Wall Insulation in the Home

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Wood-Framed Walls

Wood-framed walls are the easiest part of the home to insulate since they can be treated in the same way as new construction. The main concerns for wood-framed walls are the thickness and accessibility of the wall cavity. Assessment of wood-framed walls should also determine the presence or absence of insulation.

Planning different types of home insulation to improve efficiency

A check for wall insulation is easily conducted by removing the electrical plug cover plates to check for insulation behind the plug or switch. Check all the wall insulation in this manner for several electrical points in the house to assure accuracy in your investigation. 

WARNING! Before conducting this test, the circuit breaker should be turned off or the circuit fuse should be removed to ensure that the power is off!

Brick Walls

Brick walls in most homes are comprised of veneer and an interior frame with a small gap to allow air circulation. This prevents moisture from forming on the bricks, which can rot and ruin the frame. This air gap should not be insulated but the frame wall should be. Tests for determining insulation for standard frame wall depth and area can be applied to brick walls.

Stone or Other Solid Walls

Besides brick, your property may have walls made of stone or concrete. These can be treated the same as brick walls, although not all treatments are suitable for insulation and sealing. Extensive reframing on the interior may be necessary to form an insulation cavity and possibly even a vapor barrier. You may also choose to insulate the side-wall exterior or use other coverings.

Attics and Roof Areas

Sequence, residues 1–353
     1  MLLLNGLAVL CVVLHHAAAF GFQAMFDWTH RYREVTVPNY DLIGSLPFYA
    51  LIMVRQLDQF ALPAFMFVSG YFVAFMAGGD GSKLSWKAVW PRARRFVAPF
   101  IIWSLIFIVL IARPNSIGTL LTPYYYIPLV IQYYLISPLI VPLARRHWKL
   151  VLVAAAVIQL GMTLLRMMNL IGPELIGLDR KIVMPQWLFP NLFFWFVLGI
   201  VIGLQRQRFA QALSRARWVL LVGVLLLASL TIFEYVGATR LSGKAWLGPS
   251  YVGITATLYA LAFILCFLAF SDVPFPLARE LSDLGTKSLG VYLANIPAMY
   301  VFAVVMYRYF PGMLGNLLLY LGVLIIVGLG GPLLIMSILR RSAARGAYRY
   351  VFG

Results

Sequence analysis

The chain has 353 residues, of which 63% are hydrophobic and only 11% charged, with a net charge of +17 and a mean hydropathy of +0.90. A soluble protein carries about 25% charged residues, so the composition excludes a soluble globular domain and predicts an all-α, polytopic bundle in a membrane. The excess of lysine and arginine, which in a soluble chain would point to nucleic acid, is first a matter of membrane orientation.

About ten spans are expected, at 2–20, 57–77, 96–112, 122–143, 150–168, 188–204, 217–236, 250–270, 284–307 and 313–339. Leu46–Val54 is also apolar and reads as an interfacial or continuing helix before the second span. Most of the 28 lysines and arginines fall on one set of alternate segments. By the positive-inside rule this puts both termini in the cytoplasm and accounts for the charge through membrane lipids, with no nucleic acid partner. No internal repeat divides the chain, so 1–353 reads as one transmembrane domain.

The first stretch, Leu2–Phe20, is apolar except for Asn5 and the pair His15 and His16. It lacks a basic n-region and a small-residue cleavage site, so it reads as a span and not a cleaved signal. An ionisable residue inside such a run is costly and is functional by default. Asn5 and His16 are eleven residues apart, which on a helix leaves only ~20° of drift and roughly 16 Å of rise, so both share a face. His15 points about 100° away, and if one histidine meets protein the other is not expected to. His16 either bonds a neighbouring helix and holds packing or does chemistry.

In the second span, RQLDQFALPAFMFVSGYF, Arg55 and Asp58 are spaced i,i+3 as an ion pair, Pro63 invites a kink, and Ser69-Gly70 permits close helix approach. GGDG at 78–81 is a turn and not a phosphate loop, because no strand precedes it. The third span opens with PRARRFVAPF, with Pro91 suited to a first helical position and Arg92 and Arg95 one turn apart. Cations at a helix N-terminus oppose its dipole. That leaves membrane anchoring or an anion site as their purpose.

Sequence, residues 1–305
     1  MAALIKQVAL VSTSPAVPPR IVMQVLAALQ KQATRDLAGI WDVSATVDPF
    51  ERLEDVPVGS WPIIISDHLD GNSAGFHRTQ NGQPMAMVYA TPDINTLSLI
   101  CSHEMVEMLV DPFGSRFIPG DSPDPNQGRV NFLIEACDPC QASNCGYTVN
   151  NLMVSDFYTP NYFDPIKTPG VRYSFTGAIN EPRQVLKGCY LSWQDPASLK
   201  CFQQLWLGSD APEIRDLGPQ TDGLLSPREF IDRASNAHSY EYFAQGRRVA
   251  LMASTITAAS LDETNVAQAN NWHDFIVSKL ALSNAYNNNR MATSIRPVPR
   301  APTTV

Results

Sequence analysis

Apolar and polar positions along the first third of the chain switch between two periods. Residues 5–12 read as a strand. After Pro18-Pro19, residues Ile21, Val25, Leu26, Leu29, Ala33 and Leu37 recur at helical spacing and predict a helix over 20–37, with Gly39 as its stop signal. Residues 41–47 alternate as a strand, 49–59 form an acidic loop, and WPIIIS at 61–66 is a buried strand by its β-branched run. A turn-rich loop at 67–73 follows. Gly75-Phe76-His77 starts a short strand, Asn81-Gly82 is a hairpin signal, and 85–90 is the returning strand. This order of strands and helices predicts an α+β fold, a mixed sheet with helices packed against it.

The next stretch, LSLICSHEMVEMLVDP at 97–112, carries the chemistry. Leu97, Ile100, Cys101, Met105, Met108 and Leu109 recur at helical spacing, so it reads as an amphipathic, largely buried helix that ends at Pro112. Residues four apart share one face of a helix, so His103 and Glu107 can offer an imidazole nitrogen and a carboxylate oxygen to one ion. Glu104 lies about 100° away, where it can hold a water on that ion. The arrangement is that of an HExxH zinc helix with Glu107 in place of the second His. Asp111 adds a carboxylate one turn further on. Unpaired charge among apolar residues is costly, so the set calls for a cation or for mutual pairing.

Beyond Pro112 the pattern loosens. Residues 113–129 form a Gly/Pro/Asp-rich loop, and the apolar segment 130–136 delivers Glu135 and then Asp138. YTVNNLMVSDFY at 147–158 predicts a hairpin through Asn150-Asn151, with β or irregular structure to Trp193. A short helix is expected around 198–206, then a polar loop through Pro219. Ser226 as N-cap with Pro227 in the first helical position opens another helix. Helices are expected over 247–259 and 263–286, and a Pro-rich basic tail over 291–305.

A lot of homeowners do extra renovation in the attic, thinking that hot air rises and therefore the attic would be the place where the heat loss is greatest. Some may just think that the attic is the easiest place to insulate. Others expect their heating bill to be drastically reduced (by as much as 50%) once some insulation work is done. But that’s not the whole truth. An attic does not lose as much heat as an uninsulated basement. An exterior wall may lose more heat than the attic. Padding the attic in an old house with more insulation is fine if the air leakage spots have been identified and padding will rectify the situation. It is of utmost importance to understand the necessity of sealing the attic. 

Moisture poses another potential attic problem, originating from many sources: a leaky roof, frost, ice damming and outlets of leaky bathroom or kitchen ventilation fans.

Good attic ventilation is paramount to cool summers and dry winters. However, few older homes have sufficient vents. Air intake vents which provide good ventilation can be fitted at the soffit, roof, gable or peak spots which allow heat to be released. A typical good ventilation construction should be in the ratio of 1:300 where one unit of vent is required for every 300 units of floor area in the attic. Hence, an attic measuring 1,200 square feet requires a vent area of 4 square feet.

Adding an electric vent fan is one of the most